Beneficial effects of ascorbic acid on ivermectin repeated high-dose therapy in rabbits: biochemical and histopathological investigations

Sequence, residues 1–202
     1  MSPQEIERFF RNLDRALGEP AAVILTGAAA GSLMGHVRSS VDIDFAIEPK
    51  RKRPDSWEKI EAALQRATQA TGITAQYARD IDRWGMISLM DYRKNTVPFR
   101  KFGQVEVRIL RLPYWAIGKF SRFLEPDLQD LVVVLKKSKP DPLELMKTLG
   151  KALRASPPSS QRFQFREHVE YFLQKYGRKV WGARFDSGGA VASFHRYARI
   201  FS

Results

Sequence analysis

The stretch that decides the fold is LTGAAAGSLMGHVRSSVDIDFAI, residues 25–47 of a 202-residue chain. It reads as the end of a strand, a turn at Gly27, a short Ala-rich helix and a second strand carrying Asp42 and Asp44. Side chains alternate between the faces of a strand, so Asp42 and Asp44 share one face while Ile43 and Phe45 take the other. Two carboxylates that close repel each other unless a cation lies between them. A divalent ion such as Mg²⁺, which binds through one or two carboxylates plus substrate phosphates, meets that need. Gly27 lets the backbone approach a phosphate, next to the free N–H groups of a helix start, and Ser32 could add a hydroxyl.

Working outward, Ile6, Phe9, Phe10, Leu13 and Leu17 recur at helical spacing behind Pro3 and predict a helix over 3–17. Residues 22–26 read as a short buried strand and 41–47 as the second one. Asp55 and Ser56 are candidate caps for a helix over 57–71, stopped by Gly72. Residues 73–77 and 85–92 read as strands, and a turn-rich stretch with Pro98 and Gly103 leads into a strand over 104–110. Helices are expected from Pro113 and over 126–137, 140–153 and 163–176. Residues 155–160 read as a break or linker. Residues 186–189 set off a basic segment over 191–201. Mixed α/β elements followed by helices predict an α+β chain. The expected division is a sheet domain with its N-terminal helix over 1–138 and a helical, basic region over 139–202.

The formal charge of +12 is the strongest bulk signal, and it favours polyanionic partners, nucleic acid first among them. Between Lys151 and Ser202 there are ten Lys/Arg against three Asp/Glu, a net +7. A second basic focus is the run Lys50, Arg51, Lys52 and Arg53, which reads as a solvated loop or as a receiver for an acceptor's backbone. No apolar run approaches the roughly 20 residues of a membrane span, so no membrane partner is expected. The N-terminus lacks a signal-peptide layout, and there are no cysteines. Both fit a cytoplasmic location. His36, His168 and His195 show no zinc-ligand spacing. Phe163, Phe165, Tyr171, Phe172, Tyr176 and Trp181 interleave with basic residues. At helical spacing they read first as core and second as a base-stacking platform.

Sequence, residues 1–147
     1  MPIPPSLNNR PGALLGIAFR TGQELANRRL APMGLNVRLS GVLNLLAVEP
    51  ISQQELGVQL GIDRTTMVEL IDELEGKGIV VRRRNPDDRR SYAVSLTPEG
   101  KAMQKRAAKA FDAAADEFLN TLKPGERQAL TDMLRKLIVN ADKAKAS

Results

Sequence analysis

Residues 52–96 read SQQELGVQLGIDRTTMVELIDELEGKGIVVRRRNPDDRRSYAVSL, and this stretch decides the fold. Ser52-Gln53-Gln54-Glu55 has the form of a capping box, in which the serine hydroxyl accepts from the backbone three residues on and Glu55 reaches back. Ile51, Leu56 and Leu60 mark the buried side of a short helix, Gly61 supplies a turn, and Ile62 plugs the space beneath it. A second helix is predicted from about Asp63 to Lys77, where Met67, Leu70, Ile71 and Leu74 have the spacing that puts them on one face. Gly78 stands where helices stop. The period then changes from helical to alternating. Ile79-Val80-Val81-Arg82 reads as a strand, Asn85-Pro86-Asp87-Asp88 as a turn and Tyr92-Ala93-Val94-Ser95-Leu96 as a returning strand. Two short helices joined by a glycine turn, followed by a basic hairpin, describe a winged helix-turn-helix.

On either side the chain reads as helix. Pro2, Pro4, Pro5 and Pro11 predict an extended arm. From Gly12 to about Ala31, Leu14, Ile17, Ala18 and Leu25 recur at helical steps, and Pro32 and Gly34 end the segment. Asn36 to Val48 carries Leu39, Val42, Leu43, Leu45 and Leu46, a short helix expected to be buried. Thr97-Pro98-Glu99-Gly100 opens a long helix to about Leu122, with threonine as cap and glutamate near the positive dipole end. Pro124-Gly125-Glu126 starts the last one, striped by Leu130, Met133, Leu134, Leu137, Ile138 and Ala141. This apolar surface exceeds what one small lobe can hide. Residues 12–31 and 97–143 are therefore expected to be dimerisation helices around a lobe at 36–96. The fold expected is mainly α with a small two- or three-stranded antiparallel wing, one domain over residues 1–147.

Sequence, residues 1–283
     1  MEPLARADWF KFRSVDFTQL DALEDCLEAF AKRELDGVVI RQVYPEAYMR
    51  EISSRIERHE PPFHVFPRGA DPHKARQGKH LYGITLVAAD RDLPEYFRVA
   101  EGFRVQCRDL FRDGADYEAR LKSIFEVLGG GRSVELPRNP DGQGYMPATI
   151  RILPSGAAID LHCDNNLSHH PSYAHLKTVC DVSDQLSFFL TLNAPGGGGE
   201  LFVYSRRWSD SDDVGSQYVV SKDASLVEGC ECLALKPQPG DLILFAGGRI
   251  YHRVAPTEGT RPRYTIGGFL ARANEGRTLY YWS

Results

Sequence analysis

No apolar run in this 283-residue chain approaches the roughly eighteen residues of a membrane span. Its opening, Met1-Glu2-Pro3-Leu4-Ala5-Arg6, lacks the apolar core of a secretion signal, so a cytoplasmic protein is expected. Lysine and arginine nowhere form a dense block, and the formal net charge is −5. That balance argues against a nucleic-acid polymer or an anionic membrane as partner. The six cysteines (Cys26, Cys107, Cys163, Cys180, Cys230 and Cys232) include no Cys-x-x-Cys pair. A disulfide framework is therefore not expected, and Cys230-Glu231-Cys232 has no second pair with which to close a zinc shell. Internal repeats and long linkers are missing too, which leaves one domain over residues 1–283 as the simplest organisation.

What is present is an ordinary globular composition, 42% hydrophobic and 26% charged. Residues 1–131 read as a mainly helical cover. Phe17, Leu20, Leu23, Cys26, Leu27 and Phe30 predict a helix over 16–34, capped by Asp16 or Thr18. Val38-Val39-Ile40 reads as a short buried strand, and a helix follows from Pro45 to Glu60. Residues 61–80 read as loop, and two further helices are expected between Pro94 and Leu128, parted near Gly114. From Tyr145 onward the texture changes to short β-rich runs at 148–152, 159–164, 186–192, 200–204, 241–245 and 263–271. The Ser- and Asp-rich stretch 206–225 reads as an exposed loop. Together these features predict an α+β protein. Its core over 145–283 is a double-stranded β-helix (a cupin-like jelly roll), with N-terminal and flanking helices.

Ivermectin (IVM) is a lipophilic anthelmintic drug widely used for the control of internal and external parasites in both human and veterinary medicine. Conversely, overdoses of IVM are associated with resistance and efficacy problems. The present study aimed to evaluate the effects of repeated administration of a high dose of IVM alone or with combination of ascorbic acid (AA) in male young rabbits (Oryctolagus cuniculus) via biochemical and histological investigations. Twenty rabbits were divided into four groups (n=5) and treated for three consecutive weeks: Control group; IVM group (2 mg/kg of body weight subcutaneously, 3 times a week); IVM + AAg (20 mg/mL) group and IVM + AAf (200 mg/kg of diet) group. IVM induced a disruption of hepatic biochemical parameters and lipid profile with a statistically significant (p < 0.05) increase in glucose, ALT, AST, GGT, HDL-C and a significant decrease of TC, TG, LDL-C, VLDL-C in IVM group compared to control group. Co-administration of AA moderately improved those biochemical parameters. Histopathological changes following IVM treatment in liver comprised loss of normal hepatocytes structure, central vein dilation and portal vein congestion. The lung showed abnormal structure of intrapulmonary bronchus, dilated bronchioles and alveoli and congested pulmonary artery. Nevertheless, the AA treatment groups revealed significant improvement when co-administered orally with IVM. This study suggested that AA has a beneficial ameliorative role against toxic effects induced by repeated high-dose of IVM.
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